Imagine if 100 names stood between you and a place to live. Affordable housing is in short supply in Juneau. And for those looking for subsidized units, the wait can feel extremely long — especially when your family is on the brink of homelessness.
Kourtney Melton tries to check on her housing application at Gruening Park, an affordable housing complex, at least once a week.
She’s been on the waitlist for about eight months. She has three kids, ages 3, 7 and 11. And in her words, it’s starting to get scary. Her family lives in an RV parked in Switzer Village.
“I’m parked in my mom’s driveway, and so we can’t do that. We’d have to have our own lot and pay for our own lot space. They just don’t have one available for us, so we have to move,” Melton said.
As that day creeps closer, Kourtney is running through her options. She could stay at AWARE, a domestic violence shelter. But her boyfriend — not the person she has issues with — watches her kids when she’s at work, and the shelter doesn’t allow men.
She’s advised to call around to different places. Maybe something will open up.
“So, I’m at the top of their waiting list, and it looks like I could be in soon. But it just depends,” Melton said.
Her family used to have dual income, and money wasn’t as tight. She was married. She moved back to her hometown of Juneau with her husband last year after living in Oregon — hoping for a fresh start. She said she didn’t always feel safe in the relationship. The fighting escalated.
Then last summer, her husband took a job commercial fishing. He was gone for weeks at a time. When the season ended, he didn’t come back.
“So I was relieved at first. Now, I’m kind of torn,” Melton said. “I need him here. I need him to help with the kids. And I need help with everything.”
In October, she put her name on the list at Gruening Park. The housing complex has 96 units and about half of those are eligible for a Section 8 voucher. Some apartments are rented out at market value. Others are subsidized based on income.
Kourtney works at a sports bar and grill — picking up extra shifts at another restaurant when the cruise ships are in town. In the off-season, she makes about $1,000 a month. And if she gets into Gruening, she would pay no more than 30 percent of that for rent.
“A lot of times people want to know to exactly when we’re going to have a unit, and that’s really impossible to know,” said Tamara Rowcroft, the general manager.
She said typically, a space opens up every month. But they don’t force anyone to move out. If someone’s income improves, the rent gets adjusted.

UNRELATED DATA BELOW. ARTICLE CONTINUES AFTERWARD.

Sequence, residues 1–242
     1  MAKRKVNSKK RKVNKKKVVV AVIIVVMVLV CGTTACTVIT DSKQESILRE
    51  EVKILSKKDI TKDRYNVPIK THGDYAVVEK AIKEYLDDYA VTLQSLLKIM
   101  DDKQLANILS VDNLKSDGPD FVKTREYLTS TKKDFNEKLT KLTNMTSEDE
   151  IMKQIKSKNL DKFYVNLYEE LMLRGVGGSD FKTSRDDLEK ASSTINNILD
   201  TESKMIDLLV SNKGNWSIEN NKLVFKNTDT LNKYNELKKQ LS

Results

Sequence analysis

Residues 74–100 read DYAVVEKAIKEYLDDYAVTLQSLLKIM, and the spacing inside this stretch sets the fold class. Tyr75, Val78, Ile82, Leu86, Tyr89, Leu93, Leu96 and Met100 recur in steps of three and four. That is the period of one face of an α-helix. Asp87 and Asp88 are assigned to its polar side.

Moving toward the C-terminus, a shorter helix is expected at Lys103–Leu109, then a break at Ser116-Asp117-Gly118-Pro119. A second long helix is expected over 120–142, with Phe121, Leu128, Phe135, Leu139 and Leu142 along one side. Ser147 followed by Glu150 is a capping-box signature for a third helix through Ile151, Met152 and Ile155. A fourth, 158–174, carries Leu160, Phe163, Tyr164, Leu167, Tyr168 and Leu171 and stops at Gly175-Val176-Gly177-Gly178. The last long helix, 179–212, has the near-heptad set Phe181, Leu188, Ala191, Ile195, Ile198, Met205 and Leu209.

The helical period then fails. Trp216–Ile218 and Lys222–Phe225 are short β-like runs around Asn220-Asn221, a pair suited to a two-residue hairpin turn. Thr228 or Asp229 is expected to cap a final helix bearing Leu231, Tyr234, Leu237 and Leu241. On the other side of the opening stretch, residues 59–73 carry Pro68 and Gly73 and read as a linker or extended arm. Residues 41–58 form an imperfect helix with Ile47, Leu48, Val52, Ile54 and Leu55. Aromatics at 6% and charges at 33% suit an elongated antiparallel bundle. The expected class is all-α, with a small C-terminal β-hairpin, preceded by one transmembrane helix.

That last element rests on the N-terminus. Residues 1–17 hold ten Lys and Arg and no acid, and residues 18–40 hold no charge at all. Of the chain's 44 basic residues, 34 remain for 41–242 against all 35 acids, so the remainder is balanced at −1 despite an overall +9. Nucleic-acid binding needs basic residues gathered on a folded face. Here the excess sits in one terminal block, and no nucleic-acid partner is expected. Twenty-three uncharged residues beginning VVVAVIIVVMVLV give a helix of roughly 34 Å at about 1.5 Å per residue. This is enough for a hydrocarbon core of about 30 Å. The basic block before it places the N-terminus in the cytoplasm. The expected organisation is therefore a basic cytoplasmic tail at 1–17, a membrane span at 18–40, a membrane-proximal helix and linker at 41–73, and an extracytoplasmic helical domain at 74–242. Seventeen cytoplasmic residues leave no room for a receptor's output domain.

“The most you would pay for rent? Well, right now our market rent for a four bedroom is $1,160 a month,” Rowcroft said.
The least someone would pay is $0.
The apartments are first come, first served, and Tamara said the one and two bedrooms are the most in demand. Three and four bedrooms, like the one Kourtney is trying to get into, have the shortest wait. Still, some have been waitlisted for up to a year, Tamara said.
In the meantime, Gruening Park tries to encourage people to apply around, she said. There are other subsidized housing units, and some private landlords take Section 8 vouchers.
Tamara thinks, overall, Juneau is doing pretty good, compared to other cities. But is it enough?
“Well, no. We need to keep working,” Rowcroft said.
With no other options, Kourtney moved her RV from Switzer Village and into a friend’s garage. There are no hookups for water or sewer.
“When we can, if the door’s not locked, we can use our friend’s bathroom or we have to pee outside, like we’re camping,” Melton said.
And her oldest daughter is living with a friend.
“I can’t live without her like this because she’s 11, and that’s such an important time. And me not being there is, like, killing me,” Kourtney said.
Even though she is near the top of the list at Gruening Park, she’s trying to apply to other places. It’s been a challenge without having her own car. Without a phone, she’s worried she won’t get the message if a place does open up.
Kourtney isn’t sure what her future will look like. She just hopes it has four safe walls.
“Don’t even care if I have furniture. I just want to be with all my kids again, all together. Make dinner together. And have, you know, game night. And start healing from their dad leaving, all together,” Melton said. “Because we can’t do it separately like this.”
She’s considering packing up the RV and moving back to Oregon. She said her family can’t wait.
Funding for Chasing the Dream is provided by the JPB Foundation and the Ford Foundation. It’s part of an ongoing series about poverty and opportunity in America.